"Was It To Appease PM?" Suspended Rajya Sabha Member To Deputy Chairman

CPI-M member KK Ragesh, one of the eight Rajya Sabha MPs suspended for "unruly behavior", has launched a scathing attack on Deputy Chairman Harivansh Narayan Singh, accusing him of trying to "appease Prime Minister Narendra Modi" by "red-carpeting" what he called anti-farmer legislation.

'Was It To Appease PM?' Suspended Rajya Sabha Member To Deputy Chairman

Rajya Sabha Deputy Chairman Harivansh Narayan Singh had offered tea to protesting suspended MPs.

New Delhi:

One of the eight Rajya Sabha members suspended over unprecedented chaos during a vote on two farm bills has launched a scathing attack on Deputy Chairman Harivansh Narayan Singh, accusing him of trying to "appease Prime Minister Narendra Modi" by "red-carpeting" what he called anti-farmer legislation. In an open letter, CPI-M member KK Ragesh has also accused Mr Singh of political gimmicks and "rushing to satisfy" the ruling BJP.

"Was your decision to allow the passing of the Bills amid such a strong protest from members, by maintaining utter disregard to the rules and procedures, to appease the Prime Minister as well as to get into his good books?" questioned KK Ragesh in the searing letter.

On Monday, Mr Ragesh and seven other Rajya Sabha members spent a night on parliament lawns after they were suspended over "unruly behaviour" during the passing of two farm bills on Sunday amid massive opposition protests. The entire opposition eventually boycotted parliament before the monsoon session ended earlier than scheduled.

Mr Ragesh, referring to Mr Singh serving tea to the suspended members the morning after their overnight protest, said, "People can't be duped with gimmicks every time." He also called the Deputy Chairman's position on embracing political equities "hypocritical".

"It is surprising as to how a person like you, who claims to be socialist, could show such a hypocritical posture, by neglecting the real incidents towards embracing political equities," read the CPM leader's letter written on Wednesday.

The letter 23 also calls out Mr Singh, an MP from Bihar, for writing to the President and the Vice President shortly after approaching them as a "colleague" with tea.

Mr Singh  had written to President Ram Nath Kovind and Vice President Venkaiah Naidu that he "will observe a one-day fast.... as he was anguished over opposition attacks in the House" and alleged that he was "assaulted".

In his letter, Mr Singh had said that members of parliament may come and go, but the office of the deputy chairperson and the Rajya Sabha will remain and their dignity should be maintained. "Their conduct was very aggressive and they raised highly indecent and unparliamentary slogans. This disturbing scene of assault on democracy played on my mind and I could not sleep. I am an introvert by nature, a man from a village.”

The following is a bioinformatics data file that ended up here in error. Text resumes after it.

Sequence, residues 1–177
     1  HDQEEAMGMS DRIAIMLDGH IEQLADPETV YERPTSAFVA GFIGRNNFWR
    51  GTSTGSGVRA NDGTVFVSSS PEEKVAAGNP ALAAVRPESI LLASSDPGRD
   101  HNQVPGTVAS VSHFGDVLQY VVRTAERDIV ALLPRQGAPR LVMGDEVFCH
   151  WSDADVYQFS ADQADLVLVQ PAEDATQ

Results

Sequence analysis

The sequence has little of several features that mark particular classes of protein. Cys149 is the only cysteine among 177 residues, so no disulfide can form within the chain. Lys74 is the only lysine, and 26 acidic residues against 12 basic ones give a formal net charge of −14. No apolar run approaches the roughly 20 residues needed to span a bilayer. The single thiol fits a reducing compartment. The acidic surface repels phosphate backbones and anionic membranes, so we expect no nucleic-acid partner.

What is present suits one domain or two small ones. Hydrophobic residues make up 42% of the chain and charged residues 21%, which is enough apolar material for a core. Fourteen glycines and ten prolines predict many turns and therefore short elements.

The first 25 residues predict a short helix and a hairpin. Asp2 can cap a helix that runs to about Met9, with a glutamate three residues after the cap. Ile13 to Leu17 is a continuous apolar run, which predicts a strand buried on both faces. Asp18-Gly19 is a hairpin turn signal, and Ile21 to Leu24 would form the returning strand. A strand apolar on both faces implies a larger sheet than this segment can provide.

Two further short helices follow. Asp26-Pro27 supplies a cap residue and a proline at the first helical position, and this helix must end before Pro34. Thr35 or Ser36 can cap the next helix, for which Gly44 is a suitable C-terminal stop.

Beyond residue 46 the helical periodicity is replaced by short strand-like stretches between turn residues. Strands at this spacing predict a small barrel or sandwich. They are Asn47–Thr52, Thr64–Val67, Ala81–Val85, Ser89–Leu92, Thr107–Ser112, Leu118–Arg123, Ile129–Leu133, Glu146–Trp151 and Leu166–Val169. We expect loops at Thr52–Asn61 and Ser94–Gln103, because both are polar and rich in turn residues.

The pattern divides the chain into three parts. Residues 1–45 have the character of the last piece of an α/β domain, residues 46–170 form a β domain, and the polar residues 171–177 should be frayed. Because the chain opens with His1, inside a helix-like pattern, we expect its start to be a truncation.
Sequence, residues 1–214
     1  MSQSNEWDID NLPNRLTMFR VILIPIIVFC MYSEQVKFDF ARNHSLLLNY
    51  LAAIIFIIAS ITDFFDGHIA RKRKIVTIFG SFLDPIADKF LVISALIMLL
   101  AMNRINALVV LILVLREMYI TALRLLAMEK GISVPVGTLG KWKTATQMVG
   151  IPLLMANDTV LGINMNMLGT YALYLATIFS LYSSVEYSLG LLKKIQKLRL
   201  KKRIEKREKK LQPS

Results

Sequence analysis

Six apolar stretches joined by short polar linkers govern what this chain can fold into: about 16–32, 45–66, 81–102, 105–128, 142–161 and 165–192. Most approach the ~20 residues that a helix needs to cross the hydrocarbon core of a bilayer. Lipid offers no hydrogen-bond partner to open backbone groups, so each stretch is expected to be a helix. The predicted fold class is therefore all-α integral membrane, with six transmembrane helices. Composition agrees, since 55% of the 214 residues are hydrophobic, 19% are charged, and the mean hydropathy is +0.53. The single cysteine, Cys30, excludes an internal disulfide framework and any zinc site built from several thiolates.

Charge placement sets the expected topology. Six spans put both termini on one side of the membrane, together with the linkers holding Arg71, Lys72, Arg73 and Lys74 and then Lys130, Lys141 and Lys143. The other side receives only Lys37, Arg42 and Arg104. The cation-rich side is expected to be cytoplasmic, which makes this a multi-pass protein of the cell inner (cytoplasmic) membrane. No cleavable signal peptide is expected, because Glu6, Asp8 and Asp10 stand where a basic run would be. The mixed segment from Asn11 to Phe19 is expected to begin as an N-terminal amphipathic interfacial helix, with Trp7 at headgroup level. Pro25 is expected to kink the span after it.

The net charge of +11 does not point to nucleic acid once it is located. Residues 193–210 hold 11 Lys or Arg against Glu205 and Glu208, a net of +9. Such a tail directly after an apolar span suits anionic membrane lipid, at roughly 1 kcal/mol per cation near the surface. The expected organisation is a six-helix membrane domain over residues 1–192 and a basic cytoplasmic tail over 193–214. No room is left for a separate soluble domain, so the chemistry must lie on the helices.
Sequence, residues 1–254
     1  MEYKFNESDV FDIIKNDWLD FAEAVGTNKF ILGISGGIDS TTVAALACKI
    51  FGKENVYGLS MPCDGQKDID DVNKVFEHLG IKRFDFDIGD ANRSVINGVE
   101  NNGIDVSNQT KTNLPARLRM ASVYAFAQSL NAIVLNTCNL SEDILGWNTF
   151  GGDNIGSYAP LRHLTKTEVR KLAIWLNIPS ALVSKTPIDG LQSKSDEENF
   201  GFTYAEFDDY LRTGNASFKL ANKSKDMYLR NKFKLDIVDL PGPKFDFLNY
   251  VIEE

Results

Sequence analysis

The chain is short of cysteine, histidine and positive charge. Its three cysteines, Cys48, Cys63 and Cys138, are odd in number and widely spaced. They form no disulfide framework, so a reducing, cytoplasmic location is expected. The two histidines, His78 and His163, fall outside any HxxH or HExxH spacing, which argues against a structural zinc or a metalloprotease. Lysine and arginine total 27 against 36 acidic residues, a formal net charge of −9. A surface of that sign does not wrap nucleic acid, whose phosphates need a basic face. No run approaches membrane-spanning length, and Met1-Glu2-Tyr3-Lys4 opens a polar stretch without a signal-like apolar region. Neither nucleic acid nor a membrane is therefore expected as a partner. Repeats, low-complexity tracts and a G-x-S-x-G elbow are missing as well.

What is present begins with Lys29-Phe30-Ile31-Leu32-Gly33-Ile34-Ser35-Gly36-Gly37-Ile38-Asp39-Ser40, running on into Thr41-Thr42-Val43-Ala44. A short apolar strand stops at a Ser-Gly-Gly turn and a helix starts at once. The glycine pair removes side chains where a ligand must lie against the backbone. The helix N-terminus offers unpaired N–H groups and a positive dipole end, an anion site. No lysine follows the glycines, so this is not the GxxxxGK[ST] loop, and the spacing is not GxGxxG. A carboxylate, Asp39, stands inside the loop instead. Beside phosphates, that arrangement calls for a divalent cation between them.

"What happened in the House on September 20, what led to the protest was nothing but the most undemocratic decision by you to reject the demand for division of votes instead of voice vote... (do) you feel pride while passing of such important legislation by neglecting the strong protest of the opposition parties and ignoring the procedures," he questioned in the letter, wondering whether MPs could just behave like spectators.

"...you might remember that as you had appealed, I returned to my seat and repeatedly raised the request for division of votes. But strangely, by ignoring my appeal you asked for a voice vote...You should have adjourned the House...and resumed business that led to a healthy discussion, instead of rushing ... to satisfy the treasury bench... Do you remember that you refused to even open our mikes, neglecting our appeal to allow our rights ensured to us under the Constitution as MPs and went on to red carpet the anti-farmer Bills," he added.

Mr Singh became the target of opposition anger on Sunday when he rejected their calls for voting to refer the farm bills to a select committee for further scrutiny and also refused to extend the discussion. The opposition accused him of helping the government pass the bills through a voice vote even though its numbers were in doubt.

As voting continued despite protests, some members rushed to the centre of the House, climbed a table, tossed papers in the air, ripped out mics and hurled the rule-book at Mr Singh.

Mr Ragesh, who was reportedly injured while protesting in the well of the House, had said at the time that even if one member asked for a resolution to be put to vote, it should be.